One of the world’s rarest big cats is no longer listed as endangered in major conservation win

One of the world’s rarest big cats has come back from the brink of extinction: thanks to conservation efforts, the Iberian lynx is no longer listed as endangered.

For decades, the Iberian lynx, a medium-size cat species native to the Iberian Peninsula in southwestern Europe, has been considered endangered, and were once thought to be on the brink of extinction.


Poaching, habitat loss, and the population decline of its main food prey, the European rabbit, all contributed to severe population loss throughout the 20th century. By 2001, things were looking dire as there were only 62 mature Iberian lynx left in their native habitat, according to AP.

But conservationists launched a plan to save the species from extinction, with breeding programs, protection projects and restoration of their habitats.

They also reached out and educated local communities about the importance of the Iberian lynx in the ecosystem, which led to less poaching and roadkill. Efforts also focused on increasing the population of the European rabbit, ensuring a food chain.


The plan worked miraculously: 2022 data said that there are 648 adult specimens in reserves in Spain and Portugal, and there were an estimated 2,000 individuals worldwide including both adults and juveniles.

That’s a massive population increase, and a testament to the power of coordinated conservation efforts. One conservation leader called it “the greatest recovery of a cat species ever achieved through conservation.”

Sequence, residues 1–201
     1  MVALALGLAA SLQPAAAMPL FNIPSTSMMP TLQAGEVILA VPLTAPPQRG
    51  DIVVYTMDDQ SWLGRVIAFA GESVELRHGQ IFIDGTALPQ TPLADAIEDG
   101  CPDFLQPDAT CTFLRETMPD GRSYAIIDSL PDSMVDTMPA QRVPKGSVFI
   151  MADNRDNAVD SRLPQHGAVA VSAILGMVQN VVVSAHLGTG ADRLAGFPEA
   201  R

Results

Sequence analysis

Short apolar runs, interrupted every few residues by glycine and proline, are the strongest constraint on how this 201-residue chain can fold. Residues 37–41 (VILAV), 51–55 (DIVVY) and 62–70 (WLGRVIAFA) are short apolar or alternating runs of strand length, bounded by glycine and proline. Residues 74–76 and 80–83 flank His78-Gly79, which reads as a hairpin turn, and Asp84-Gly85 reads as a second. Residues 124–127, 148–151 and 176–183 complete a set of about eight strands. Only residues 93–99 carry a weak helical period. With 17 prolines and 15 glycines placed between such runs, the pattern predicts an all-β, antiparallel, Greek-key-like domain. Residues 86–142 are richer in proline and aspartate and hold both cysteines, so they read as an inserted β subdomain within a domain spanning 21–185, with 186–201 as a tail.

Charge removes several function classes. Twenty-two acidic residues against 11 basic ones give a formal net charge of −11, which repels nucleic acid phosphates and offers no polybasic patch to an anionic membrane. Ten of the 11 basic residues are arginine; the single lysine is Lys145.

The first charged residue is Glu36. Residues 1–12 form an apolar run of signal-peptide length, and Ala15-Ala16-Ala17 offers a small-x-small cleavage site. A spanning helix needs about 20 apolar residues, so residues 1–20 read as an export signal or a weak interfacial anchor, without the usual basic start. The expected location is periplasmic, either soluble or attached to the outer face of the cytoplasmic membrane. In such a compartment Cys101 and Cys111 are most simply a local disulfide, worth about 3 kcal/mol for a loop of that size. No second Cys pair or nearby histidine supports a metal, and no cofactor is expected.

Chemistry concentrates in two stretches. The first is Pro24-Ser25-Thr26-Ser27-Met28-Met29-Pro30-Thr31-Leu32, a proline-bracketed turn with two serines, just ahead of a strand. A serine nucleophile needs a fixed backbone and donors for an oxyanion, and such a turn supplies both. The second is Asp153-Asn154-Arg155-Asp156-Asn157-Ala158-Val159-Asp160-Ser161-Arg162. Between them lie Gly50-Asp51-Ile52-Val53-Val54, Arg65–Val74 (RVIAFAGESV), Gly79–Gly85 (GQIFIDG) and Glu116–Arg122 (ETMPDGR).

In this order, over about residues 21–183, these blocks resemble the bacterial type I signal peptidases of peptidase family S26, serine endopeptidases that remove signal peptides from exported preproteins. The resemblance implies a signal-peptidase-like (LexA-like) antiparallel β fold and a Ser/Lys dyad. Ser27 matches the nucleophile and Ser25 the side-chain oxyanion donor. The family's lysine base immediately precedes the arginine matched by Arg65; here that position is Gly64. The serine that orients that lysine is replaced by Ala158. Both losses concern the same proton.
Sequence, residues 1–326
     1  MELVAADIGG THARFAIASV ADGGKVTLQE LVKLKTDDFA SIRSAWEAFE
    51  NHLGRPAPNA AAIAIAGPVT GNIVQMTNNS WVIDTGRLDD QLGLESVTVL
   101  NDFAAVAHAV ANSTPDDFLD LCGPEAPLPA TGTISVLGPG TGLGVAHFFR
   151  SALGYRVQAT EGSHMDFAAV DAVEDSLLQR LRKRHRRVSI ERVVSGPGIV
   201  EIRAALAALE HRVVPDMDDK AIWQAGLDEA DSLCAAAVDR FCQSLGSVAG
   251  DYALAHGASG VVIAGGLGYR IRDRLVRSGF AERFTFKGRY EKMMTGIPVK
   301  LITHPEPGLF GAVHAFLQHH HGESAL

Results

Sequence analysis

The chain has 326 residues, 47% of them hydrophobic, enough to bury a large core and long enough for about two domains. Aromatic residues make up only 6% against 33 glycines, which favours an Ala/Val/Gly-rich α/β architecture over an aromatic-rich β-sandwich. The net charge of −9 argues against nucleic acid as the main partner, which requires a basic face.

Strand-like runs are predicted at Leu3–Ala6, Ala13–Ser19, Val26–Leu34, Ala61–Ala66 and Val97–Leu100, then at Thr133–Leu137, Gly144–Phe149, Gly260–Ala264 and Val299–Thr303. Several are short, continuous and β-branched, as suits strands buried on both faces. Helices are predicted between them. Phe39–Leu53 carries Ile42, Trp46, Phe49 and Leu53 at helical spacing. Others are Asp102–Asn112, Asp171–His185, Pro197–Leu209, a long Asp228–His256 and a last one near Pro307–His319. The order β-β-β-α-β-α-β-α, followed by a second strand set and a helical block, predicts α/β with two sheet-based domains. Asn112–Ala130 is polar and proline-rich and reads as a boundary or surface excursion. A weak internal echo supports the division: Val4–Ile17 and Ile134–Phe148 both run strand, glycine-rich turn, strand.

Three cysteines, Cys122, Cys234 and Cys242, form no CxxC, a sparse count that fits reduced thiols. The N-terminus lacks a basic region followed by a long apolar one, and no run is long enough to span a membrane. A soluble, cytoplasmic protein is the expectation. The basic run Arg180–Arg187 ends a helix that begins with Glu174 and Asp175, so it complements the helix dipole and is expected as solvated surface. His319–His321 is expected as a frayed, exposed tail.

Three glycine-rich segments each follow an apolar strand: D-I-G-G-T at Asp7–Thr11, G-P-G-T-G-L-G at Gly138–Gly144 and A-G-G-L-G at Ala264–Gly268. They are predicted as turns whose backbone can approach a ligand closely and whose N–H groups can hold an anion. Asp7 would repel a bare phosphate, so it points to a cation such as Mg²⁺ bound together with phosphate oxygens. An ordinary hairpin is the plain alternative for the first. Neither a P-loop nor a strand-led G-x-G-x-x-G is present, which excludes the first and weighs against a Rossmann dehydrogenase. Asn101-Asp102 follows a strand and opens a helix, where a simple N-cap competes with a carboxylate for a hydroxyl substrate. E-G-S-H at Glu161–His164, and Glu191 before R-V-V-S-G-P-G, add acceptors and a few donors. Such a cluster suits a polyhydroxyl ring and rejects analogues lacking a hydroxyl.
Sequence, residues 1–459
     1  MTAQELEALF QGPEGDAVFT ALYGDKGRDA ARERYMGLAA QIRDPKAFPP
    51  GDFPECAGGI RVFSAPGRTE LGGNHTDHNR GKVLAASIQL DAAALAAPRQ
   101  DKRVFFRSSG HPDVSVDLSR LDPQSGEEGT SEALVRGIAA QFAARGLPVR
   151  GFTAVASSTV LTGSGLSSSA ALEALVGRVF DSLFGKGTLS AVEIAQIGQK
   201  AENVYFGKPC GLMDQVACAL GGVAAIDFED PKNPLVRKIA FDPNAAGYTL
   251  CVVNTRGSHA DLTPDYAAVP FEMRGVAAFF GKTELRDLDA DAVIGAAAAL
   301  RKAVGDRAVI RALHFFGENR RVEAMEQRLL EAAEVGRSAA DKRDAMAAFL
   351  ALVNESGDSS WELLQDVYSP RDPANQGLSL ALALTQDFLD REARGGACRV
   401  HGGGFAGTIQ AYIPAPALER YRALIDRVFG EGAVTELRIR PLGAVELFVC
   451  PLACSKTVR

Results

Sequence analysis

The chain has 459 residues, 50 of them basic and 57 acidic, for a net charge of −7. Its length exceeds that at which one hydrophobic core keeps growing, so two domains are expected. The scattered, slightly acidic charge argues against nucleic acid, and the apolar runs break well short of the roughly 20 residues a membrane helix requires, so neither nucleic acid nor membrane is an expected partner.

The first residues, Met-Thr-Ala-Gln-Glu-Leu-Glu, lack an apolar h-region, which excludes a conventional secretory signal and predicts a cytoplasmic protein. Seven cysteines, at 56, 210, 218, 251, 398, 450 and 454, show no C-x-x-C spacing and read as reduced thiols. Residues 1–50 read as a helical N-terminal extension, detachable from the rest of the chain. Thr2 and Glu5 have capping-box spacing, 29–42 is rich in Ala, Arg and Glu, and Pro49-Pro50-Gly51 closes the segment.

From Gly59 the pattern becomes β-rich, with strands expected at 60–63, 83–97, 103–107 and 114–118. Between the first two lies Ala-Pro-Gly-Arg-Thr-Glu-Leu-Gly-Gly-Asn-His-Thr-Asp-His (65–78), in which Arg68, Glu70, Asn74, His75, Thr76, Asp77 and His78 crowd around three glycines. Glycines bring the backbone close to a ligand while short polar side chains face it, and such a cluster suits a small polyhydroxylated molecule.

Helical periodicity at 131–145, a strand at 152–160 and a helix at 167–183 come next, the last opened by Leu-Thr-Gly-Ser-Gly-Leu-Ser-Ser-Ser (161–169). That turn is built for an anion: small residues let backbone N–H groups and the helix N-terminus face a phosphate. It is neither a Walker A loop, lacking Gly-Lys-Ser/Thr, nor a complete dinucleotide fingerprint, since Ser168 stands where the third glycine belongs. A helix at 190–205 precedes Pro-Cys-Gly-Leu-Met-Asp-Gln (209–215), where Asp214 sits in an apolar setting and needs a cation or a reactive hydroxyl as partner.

“This success is the result of committed collaboration between public bodies, scientific institutions, NGOs, private companies, and community members including local landowners, farmers, gamekeepers and hunters, and the financial and logistical support of the European Union LIFE project,” Francisco Javier Salcedo Ortiz, coordinator of the LIFE Lynx-Connect project, said in a statement.

GRANADA, SPAIN – DECEMBER 19: An Iberian lynx wearing a radio frequency collar runs after being released on December 19, 2022 in Granada, Spain. Five Iberian lynx, in danger of extinction since 1986, have been released into the Spanish Sierra Arana wilderness as part of a repopulation project that strives to create a genetically and demographically functional Iberian Lynx (Lynx pardinus) metapopulation. (Photo by Carlos Gil Andreu/Getty Images)

The Iberian lynx saw such a major population improvement that the IUCN no longer lists them as “endangered,” upgrading their status to “vulnerable.”

“It’s really a huge success, an exponential increase in the population size,” Craig Hilton-Taylor, head of the IUCN Red list, told AP.

“The significant recovery of the Iberian lynx demonstrates that even the most threatened species can be brought back from the brink of extinction through committed, science-based conservation action and provides hope for those working to protect wildlife across the globe,” said Sarah Durant, Professor at ZSL’s Institute of Zoology.


While it’s news worth celebrating, the Iberian lynx is not out of the woods yet, and experts will continue efforts to make sure the species continues to thrive in the wild.

“There is still a lot of work to do to ensure that Iberian lynx populations survive and the species recovers throughout its indigenous range,” Ortiz said. “Looking ahead, there are plans to reintroduce the Iberian lynx to new sites in central and northern Spain.”


We’re so glad the Iberian lynx has been saved from the brink of extinction and is now thriving in the wild! It’s an inspiring testament to the power of conservation.

Please share this amazing news!